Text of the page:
- Make the tool easy and simple. How easy is it for different user levels to learn? Is it faster than current tools, or does it take less effort (fewer clicks, less energy/movement/thinking)? How effective and efficient is the task relative to our effort? Is the tool design minimal and aesthetically pleasing to the user?
- Make sure it’s flexible and forgiving. Is it designed to help the user avoid making mistakes? Does it allow users to easily recover from mistakes? What workarounds or shortcuts are users performing?
- Match behaviors. How closely does the new tool and its intended use match the normal behaviors and expectations of the user?
When thinking of conducting usability research for a tool, here are a few key considerations to keep in mind:
- Know user needs and behaviors. Understand what users are currently doing and what they need. This could help identify the right tasks before the research, but also helps uncover workarounds and preferences during the interviews.
- Conduct in the right setting. What environment is the tool used in—at home, in the car, walking around a store? If it is a website or app, remote viewing interviews are ideal as respondents get to use their own device in a familiar environment. If the tools are used at home, in a car, or in a store aisle, that’s where you want to be.
- Assign a task or scenarios. What job is to be done? What role is your tool in that job? Sometimes a specific assignment or task is needed, while other times a broad scenario describing a situation is best suited for evaluation.
- Observe the respondent as they think aloud. Observing the user interacting with the tool is a critical part of any usability testing, and this can be done in person or remotely. It should be a live experience to get the most out of the learning. Respondents must also think aloud during the task; a stream-of-consciousness monologue is ideal.
- Test early and often. Having a user’s input at the start and throughout of the development process will improve design and ensure the tool is more consumer friendly.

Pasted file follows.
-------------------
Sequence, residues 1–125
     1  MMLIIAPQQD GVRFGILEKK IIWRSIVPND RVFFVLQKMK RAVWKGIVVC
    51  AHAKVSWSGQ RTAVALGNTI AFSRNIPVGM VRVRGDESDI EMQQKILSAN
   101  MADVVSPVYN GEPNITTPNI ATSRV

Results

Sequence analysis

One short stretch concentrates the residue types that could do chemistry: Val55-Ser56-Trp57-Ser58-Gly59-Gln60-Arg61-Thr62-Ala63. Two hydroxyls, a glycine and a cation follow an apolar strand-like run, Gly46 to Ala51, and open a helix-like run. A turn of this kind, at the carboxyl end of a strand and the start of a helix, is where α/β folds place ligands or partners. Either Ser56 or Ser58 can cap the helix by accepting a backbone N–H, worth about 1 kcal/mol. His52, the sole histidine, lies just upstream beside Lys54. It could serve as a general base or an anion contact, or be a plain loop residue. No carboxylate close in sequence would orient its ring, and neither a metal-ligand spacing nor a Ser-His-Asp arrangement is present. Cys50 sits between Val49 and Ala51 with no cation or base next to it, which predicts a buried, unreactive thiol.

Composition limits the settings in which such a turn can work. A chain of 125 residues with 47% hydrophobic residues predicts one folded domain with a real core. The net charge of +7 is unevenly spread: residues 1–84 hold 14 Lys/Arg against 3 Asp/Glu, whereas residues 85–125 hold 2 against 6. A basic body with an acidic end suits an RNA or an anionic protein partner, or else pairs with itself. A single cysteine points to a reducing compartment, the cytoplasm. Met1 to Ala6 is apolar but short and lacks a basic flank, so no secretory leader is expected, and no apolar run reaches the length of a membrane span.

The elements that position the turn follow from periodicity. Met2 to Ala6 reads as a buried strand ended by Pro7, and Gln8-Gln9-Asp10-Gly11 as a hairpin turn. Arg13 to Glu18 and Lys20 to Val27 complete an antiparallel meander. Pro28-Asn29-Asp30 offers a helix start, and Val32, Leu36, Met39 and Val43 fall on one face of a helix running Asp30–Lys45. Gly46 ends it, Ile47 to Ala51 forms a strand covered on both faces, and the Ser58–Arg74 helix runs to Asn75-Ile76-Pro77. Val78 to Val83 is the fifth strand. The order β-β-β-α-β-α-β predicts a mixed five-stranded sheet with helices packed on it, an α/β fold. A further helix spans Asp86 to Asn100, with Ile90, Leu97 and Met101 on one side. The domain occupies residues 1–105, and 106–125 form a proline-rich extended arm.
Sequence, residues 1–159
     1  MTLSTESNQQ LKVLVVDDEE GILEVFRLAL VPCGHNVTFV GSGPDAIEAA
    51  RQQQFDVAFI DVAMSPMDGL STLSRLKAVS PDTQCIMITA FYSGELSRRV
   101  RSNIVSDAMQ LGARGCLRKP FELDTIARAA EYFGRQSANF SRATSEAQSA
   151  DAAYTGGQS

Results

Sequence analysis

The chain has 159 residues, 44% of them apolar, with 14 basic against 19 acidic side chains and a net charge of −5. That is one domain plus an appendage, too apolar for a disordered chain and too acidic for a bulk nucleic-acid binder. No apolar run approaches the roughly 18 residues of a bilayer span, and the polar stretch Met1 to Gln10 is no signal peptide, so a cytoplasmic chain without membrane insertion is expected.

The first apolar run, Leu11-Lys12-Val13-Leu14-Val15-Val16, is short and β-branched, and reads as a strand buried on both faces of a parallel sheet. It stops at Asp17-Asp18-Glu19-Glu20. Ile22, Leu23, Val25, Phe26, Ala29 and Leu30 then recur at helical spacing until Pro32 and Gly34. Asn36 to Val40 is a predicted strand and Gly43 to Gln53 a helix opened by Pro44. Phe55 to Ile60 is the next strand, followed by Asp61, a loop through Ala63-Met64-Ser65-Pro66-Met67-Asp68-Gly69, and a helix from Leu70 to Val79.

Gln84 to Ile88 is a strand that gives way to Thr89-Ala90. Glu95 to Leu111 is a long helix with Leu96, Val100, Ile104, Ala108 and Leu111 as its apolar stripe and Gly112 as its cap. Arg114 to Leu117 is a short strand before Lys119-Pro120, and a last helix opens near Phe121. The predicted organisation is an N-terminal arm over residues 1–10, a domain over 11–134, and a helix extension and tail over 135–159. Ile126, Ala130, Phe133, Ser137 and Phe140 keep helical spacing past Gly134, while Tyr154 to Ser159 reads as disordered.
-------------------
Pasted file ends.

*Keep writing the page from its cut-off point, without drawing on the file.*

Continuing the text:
Beyond the Traditional Usability Research
Even when it isn’t the focus of a project, usability research can play an important role, such as for exploratory research or on-site, ethnographic interviews. Whether the goal is to uncover needs and pain points, explore behaviors, or gather reactions to concepts, there could be opportunities to include a task or observational component to the research. For example, when conducting shop-along research in a retail environment, we give respondents a task and observe them shopping (tagging along like a friend, listening to them think aloud while they shop). How do they use the information on aisles and products? When do they use their smartphone to gather information, or to take pictures? All of these things are considered tools to help users navigate and purchase what is needed. Our goal is to take all of that into consideration with an eye toward usability and identifying ways to enhance the experience using these tools.
With innovation continuing to accelerate at a faster and faster pace, usability principles and testing will play an essential role for the success of a website, app, product or service, or tool. Companies often use filters to help guide the development of new products, and these filters can include the brand’s equities, capabilities, strengths, and so on. But now more than ever, companies should consider usability as an essential part of their new product/service/concept development process. Usability research and its principles will shape the tools of the future and ultimately help us all move through the world more easily, efficiently, happily, and safely.
1 Nielsen, J. (1994a). Enhancing the Explanatory Power of Usability Heuristics. Proc. ACM CHI'94 Conf. (Boston, MA, April 24-28), 152-158.
About the Author
Roger Wallace (firstname.lastname@example.org) is a Director, Insights & Innovation, at Decision Analyst. He may be reached at 1-817-640-6166.